‘It’s only just begun’
Since the tide turned in Brasilia, and the presidential palace changed hands, Ibama has been pulling out all the stops, raising its budget threefold since January. Starved of funding under Bolsonaro, Ibama has once again declared war on those responsible for deforestation. Jair Schmitt, Ibama’s director of environmental protection, is proud to have launched hundreds of field missions in every Amazonian region where deforestation was previously at record levels. And the results are in.
“We have seized more than 2 million cubic metres of illegal timber, brought more than 85 indigenous territories under control, seized 5,000 heads of cattle reared on illegal land and more than a dozen gold-mining sites have been destroyed,” Schmitt said. Much of this has taken place in Roraima state in the north of the country, where illegal mining has created a humanitarian crisis for the indigenous Yanomami people.
Almost 500,000 hectares of illegally cleared land have been reclaimed. “And it’s only just begun,” Schmitt says.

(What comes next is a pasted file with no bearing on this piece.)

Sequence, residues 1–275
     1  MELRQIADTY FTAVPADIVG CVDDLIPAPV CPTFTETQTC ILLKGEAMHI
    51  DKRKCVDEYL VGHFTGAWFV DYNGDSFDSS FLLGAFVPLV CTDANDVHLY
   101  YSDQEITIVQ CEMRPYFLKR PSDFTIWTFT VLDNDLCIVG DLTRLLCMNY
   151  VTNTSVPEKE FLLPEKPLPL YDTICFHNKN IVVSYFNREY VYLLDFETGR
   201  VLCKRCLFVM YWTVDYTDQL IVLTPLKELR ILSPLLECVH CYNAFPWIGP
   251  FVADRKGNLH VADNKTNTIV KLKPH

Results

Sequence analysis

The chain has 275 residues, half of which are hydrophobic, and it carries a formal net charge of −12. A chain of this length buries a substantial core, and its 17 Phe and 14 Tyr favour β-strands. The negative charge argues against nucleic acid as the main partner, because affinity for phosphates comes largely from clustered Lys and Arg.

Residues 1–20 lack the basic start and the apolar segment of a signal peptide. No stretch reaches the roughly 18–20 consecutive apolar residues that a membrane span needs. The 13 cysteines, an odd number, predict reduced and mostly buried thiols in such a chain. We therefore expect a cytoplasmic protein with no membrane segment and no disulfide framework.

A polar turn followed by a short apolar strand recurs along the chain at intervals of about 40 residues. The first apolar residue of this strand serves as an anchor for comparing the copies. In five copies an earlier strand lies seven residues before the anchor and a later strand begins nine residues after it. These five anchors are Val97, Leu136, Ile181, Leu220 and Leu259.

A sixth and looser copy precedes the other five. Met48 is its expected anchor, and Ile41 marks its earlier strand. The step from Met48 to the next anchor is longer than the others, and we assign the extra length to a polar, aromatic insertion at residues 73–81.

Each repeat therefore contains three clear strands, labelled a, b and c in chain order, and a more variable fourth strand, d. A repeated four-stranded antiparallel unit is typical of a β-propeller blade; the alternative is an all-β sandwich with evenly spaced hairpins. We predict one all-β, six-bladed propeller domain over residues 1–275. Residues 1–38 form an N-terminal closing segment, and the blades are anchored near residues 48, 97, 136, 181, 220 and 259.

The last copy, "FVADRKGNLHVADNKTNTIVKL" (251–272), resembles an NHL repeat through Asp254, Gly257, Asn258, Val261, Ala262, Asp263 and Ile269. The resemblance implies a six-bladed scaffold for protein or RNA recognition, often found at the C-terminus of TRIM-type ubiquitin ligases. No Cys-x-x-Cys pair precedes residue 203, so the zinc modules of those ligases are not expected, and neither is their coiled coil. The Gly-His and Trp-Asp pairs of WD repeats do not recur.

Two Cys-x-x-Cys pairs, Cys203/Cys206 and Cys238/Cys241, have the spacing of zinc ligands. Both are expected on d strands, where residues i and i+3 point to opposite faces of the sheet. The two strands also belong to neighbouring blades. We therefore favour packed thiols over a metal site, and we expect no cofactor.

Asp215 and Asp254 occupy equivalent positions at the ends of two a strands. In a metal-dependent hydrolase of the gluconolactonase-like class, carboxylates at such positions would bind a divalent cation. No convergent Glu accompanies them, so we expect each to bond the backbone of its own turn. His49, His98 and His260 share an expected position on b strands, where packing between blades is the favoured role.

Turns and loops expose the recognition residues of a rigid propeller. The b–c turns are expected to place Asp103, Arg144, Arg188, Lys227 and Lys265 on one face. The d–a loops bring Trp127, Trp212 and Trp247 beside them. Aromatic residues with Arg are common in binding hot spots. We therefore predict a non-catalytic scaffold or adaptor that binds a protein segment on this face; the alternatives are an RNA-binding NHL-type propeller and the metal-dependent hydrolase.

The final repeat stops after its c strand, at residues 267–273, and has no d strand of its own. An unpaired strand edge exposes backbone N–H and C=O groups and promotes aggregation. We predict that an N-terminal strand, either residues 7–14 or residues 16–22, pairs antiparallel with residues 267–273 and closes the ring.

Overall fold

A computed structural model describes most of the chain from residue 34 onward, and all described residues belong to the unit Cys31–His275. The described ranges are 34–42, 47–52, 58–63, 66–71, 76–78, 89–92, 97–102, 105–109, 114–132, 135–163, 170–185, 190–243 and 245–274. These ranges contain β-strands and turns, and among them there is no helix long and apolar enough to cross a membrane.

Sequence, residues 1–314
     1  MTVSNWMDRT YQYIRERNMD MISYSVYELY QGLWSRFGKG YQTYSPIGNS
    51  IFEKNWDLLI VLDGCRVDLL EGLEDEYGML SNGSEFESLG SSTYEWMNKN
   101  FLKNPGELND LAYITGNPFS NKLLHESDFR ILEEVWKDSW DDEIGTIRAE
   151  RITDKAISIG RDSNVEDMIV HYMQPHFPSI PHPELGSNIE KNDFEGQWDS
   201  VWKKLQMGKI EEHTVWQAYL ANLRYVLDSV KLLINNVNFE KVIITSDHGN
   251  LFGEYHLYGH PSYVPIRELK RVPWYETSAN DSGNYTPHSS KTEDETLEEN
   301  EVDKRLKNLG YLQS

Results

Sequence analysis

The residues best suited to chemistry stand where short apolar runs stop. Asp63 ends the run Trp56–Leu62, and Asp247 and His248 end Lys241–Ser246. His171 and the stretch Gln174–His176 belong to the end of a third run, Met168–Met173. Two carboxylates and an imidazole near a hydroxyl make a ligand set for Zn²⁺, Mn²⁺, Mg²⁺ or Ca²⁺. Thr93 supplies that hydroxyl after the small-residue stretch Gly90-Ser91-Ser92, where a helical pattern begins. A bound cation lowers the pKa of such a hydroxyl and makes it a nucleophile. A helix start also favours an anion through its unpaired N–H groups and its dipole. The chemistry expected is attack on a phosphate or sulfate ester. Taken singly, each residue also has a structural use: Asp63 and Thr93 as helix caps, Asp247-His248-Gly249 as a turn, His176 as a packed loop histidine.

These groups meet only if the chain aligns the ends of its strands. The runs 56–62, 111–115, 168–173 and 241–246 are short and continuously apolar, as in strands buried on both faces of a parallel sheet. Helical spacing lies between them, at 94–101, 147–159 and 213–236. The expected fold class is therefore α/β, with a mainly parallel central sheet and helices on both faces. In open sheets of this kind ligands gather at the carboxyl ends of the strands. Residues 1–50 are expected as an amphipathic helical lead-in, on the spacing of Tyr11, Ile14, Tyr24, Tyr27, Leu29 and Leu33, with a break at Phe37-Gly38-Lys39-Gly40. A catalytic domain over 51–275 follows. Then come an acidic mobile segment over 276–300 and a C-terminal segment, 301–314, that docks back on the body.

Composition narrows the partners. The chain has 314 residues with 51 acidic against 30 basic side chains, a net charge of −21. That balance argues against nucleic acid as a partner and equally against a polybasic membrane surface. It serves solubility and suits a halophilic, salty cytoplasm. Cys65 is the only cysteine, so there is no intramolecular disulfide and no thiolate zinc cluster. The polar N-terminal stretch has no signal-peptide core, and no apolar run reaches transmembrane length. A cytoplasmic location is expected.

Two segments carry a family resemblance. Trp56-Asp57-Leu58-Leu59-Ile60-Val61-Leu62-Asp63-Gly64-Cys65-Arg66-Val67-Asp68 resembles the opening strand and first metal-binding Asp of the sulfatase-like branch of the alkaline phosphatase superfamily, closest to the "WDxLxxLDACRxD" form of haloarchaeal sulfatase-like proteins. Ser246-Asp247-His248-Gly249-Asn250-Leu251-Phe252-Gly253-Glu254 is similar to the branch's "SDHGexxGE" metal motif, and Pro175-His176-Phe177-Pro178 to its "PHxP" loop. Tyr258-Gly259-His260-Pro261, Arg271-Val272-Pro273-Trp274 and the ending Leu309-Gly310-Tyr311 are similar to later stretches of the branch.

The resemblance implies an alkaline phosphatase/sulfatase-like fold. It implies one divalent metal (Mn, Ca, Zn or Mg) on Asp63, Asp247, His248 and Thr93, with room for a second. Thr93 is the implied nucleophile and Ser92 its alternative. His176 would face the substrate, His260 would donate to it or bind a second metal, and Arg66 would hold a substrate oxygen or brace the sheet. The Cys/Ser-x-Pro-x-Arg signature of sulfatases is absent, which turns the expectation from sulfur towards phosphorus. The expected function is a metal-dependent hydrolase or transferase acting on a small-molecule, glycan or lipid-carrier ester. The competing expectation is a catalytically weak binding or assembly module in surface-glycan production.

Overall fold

Referring to those who were looking to take advantage of the law, many of them Bolsonaro supporters, Schmitt was dismissive. “The angrier they get, the more it means we’re doing our job properly.”
Money is finally coming in again too, thanks to the many fines that are being levied. The institution’s first report shows that almost €1 billion in fines were doled out for deforestation in 2023, compared with around half that in 2022.
Ibama has come a long way, and not just in the field. At the head office in Brasilia, there’s a new lease on life. Notably, the phone line to the press office is finally working. Head of communications Daiane Cortes remembers the poisonous climate that prevailed when she first took up her post: civil servants threatened, posts abandoned, ghost rooms – and a press office that had been specifically instructed not to answer the press.
At the end of Bolsonaro’s term in office, the former staff had erased the access codes to social networking accounts. So they had to start from scratch, as well as go on a hiring spree after Bolsonaro emptied the institution of its brains and manpower.